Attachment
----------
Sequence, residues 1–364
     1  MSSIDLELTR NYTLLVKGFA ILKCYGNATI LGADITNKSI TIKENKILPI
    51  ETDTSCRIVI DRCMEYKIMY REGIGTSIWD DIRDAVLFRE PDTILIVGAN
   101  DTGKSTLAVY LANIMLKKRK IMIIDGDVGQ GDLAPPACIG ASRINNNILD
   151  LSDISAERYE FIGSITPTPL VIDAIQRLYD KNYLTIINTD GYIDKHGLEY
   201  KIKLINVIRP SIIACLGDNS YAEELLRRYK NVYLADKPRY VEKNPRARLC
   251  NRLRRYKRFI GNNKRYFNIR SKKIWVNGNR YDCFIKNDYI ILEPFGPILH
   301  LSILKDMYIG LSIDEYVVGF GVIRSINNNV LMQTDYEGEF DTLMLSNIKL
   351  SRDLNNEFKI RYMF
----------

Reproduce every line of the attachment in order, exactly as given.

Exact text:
Sequence, residues 1–364
     1  MSSIDLELTR NYTLLVKGFA ILKCYGNATI LGADITNKSI TIKENKILPI
    51  ETDTSCRIVI DRCMEYKIMY REGIGTSIWD DIRDAVLFRE PDTILIVGAN
   101  DTGKSTLAVY LANIMLKKRK IMIIDGDVGQ GDLAPPACIG ASRINNNILD
   151  LSDISAERYE FIGSITPTPL VIDAIQRLYD KNYLTIINTD GYIDKHGLEY
   201  KIKLINVIRP SIIACLGDNS YAEELLRRYK NVYLADKPRY VEKNPRARLC
   251  NRLRRYKRFI GNNKRYFNIR SKKIWVNGNR YDCFIKNDYI ILEPFGPILH
   301  LSILKDMYIG LSIDEYVVGF GVIRSINNNV LMQTDYEGEF DTLMLSNIKL
   351  SRDLNNEFKI RYMF